Opposition
 
Al-Hariri and 22 others were killed in a bombing in Beirut in 2005, the first in a series of assassinations of anti-Syrian figures.
 

Lahoud, left, warned Ban of instability
if the court was set up [Reuters]

Syria has denied involvement and its Lebanese allies oppose the tribunal in its current form.
 
Fuad Siniora, Lebanon's prime minister, on Monday wrote to Ban asking the Security Council to consider the request.
 
But the pro-Syrian president and opposition in Lebanon have rejected the move.
 
Emile Lahoud, Lebanon's president, in his own letter to Ban, accused Siniora of "falsifying facts to drag the Security Council... into siding with one Lebanese party against the other".
 
He warned of instability if the council moved to set up the court that "would imply a full bypass of the constitutional mechanisms in Lebanon".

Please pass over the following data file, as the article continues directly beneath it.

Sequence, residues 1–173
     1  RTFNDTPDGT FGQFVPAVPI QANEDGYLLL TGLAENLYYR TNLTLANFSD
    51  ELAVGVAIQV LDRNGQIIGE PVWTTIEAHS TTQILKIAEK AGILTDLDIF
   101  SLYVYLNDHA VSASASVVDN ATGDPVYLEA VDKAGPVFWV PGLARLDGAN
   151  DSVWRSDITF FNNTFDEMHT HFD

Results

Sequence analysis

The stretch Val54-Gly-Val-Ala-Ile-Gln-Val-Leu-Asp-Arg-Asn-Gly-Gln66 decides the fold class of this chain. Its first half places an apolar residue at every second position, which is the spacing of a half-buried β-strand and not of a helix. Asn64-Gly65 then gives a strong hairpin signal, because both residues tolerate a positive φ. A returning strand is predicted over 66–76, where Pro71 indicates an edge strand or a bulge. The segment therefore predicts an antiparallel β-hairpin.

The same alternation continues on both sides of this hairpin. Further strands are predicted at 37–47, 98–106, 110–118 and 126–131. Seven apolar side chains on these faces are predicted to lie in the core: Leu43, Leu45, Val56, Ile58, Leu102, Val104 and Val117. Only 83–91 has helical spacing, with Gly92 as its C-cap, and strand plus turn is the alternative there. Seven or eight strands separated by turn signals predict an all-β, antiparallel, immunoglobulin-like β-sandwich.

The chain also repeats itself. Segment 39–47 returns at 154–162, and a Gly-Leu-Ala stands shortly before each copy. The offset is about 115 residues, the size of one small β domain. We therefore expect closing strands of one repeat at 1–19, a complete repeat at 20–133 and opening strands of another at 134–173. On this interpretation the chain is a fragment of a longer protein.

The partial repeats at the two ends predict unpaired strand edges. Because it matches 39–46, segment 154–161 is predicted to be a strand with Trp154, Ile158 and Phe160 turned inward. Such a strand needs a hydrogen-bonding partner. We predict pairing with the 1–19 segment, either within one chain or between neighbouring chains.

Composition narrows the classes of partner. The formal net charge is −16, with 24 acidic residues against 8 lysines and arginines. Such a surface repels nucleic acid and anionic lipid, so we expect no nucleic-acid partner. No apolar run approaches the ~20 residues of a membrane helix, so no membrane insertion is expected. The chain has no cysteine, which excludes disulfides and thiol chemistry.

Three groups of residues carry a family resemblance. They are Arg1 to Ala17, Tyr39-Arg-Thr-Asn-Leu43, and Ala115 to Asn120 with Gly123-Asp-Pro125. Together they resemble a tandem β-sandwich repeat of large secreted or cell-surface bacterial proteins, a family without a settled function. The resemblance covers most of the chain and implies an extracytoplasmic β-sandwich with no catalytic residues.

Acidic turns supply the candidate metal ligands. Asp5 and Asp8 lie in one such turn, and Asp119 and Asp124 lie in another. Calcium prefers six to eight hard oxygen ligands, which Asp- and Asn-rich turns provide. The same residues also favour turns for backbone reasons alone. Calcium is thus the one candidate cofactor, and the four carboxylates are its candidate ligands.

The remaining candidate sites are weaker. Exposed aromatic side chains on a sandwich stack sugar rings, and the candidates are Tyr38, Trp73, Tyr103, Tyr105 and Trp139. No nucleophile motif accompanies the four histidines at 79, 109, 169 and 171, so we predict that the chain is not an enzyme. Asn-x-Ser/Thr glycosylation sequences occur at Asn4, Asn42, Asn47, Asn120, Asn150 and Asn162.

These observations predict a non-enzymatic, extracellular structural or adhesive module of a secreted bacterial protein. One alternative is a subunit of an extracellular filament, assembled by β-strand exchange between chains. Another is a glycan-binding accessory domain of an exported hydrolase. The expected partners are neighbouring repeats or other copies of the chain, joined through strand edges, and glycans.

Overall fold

Lahoud's letter, released on Tuesday in Beirut, has not been received by the Security Council.
 
Nabih Berri, the parliamentary speaker, refused to call a session to ratify the tribunal.
 
Risky move
 

"We cannot allow [the] killers to get away with impunity"

Zalmay Khalilzad, Security Council president

Zalmay Khalilzad, the US ambassador to the UN and current Security Council president, said he expected to introduce a draft resolution before the end of the week.
 
He cited "justice" and the "long-term stability of Lebanon" for wanting to move quickly.
 
"We cannot allow killers to get away with impunity."
 
Diplomats said the resolution will be sponsored by the US, Britain and France.
 
It remains unclear where Russia, a Syrian ally and one of five veto-wielding Security Council members, stands on the matter.